Finance Terms Explained in Duluth, GA

When it comes to comprehending everything about a finance contract, we understand that it can be a bit overwhelming. There's a lot to understand and take in before signing your name on a contract, from having to pull together documents to reading all that fine print. But we here at Mercedes-Benz of Atlanta Northeast, formerly Atlanta Classic Cars want to help you understand. We've compiled a list of some of the most common finance terms you're sure to come across, and we want you to feel even a little more confident when signing a contract. Keep reading to find out more.

Most Common Finance Terms


In simple terms, financing just means you're borrowing money from one of our lenders, or a bank of your choice, so you can purchase your desired vehicle. Essentially, the lender purchases the vehicle for you, and you then repay the loan over an agreed term and interest rate. When financing, the lender gives you the service of borrowing its money, while you pay them back with interest.


Leasing is essentially long-term renting of a vehicle. It's a great way to try out new cars that are still under warranty with the understanding that you'll return the vehicle at the end of the term. You'll usually make a down payment, although some specials offer zero down for a lease, followed by monthly payments. Typical lease terms run anywhere from 24 to 36 months, but it can last up to 60 months. Once your term is up, you can either return the car or buy it.


Simply put, the term is the set amount of time for a loan or a lease. For example, the term on a 36-month loan is 36 months, or three years. Shorter terms generally mean higher payments but lower interest rates. When agreeing to a loan, ensure that the loan term matches your budget.


The principal just means the initial size of the loan, which is that big number you want to whittle away at. For example, if you finance a vehicle that costs $30,000 but put down $3,000 for your down payment, your principal you'd have to repay would be $27,000.

Money Down

The more you can put down, the better. Money down is how much money you place up front on a loan, sometimes also called a down payment. The more you can put down up front, the lower your monthly payments will be. Say you purchase a vehicle for $20,000, but you pay $5,000 for a down payment; you'd only have $15,000 left to repay. Money down isn't charged interest, and dealerships usually like a large down payment to secure a desirable interest rate.

Interest Rate

You're typically charged interest when taking out a loan. This is the fee added onto your monthly payments, as it protects lenders from risky customers who may not repay the loan. It's sometimes also called the APR, or annual percentage rate. APR is determined by a variety of factors, including your credit score, the term length and the age of the vehicle being financed.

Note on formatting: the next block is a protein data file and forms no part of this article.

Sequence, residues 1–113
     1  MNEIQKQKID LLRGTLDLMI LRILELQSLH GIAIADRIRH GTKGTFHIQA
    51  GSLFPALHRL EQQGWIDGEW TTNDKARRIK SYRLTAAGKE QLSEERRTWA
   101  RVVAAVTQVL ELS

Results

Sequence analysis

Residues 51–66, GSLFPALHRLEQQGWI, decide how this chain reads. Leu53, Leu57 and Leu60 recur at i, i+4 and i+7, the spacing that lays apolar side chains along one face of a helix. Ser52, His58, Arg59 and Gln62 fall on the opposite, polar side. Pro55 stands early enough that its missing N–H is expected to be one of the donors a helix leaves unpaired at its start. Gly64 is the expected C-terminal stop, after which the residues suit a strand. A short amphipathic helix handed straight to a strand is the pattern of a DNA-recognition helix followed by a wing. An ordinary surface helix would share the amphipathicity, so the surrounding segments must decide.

Cash Back

Cash back is a great deal. It's an incentive from the manufacturer to encourage you to buy a car. It can shave off thousands of dollars on your vehicle purchase price. The dealer can also write a check for the amount advertised. Usually, you can use the cash back as the down payment and reduce the selling price, or you can walk away with a check in hand.


This is a term you've probably heard already. A rebate is an incentive that's typically applied to a vehicle's selling price, but only after purchase. After all the paperwork has been completed, the dealer will write a check for the rebate amount or provide you with cash on hand. Cash back is instant, but you might have to wait on a rebate to arrive.


When trading in a vehicle, you're basically offering your old vehicle to the dealership for credit towards the new vehicle that you want to purchase. By doing so, you can take thousands of dollars off the asking price.


Depreciation is when a car loses value. Don't worry; it happens to every vehicle, regardless of its condition. It happens every year until the value is zero. A brand new car loses around 10-20% of its value just when you drive it off the lot. In five years, that new vehicle will lose about 60% of its original value, no matter how clean and pristine you've kept it.


Equity is the difference between how much your car is worth and what you still owe on it. Say the value of your car is $15,000, but you still owe $6,000 to the lender; you have $9,000 in equity. It's essential to keep this ratio balanced and not accrue negative equity; this means you owe more on the loan than what the car is worth.

Upside Down

This is what we refer to as negative equity, as previously mentioned. Owing more on the vehicle than what it's worth makes it difficult to sell, and negative equity can follow you into a new loan. If you finance with us here at Mercedes-Benz of Atlanta Northeast, we'll try to help keep you from making this error.

If you have further questions or would like to know more, give us a call or visit us at 1705 Boggs Rd., Duluth, GA 30096. We look forward to serving our customers from Buford and Braselton.